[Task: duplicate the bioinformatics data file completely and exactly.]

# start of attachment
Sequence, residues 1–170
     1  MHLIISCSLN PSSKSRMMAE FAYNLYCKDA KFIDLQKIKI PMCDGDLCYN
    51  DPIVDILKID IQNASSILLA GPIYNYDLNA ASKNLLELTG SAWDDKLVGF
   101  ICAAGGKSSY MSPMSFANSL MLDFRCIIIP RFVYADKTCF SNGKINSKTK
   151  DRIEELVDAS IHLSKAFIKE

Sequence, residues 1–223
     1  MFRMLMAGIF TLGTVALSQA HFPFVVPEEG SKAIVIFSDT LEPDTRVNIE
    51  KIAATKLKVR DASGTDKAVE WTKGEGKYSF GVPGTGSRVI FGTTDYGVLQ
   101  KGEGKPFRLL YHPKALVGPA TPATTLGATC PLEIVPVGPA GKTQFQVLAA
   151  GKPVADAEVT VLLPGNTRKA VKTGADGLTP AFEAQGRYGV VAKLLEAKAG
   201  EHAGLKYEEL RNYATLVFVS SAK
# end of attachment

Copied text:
Sequence, residues 1–170
     1  MHLIISCSLN PSSKSRMMAE FAYNLYCKDA KFIDLQKIKI PMCDGDLCYN
    51  DPIVDILKID IQNASSILLA GPIYNYDLNA ASKNLLELTG SAWDDKLVGF
   101  ICAAGGKSSY MSPMSFANSL MLDFRCIIIP RFVYADKTCF SNGKINSKTK
   151  DRIEELVDAS IHLSKAFIKE

Sequence, residues 1–223
     1  MFRMLMAGIF TLGTVALSQA HFPFVVPEEG SKAIVIFSDT LEPDTRVNIE
    51  KIAATKLKVR DASGTDKAVE WTKGEGKYSF GVPGTGSRVI FGTTDYGVLQ
   101  KGEGKPFRLL YHPKALVGPA TPATTLGATC PLEIVPVGPA GKTQFQVLAA
   151  GKPVADAEVT VLLPGNTRKA VKTGADGLTP AFEAQGRYGV VAKLLEAKAG
   201  EHAGLKYEEL RNYATLVFVS SAK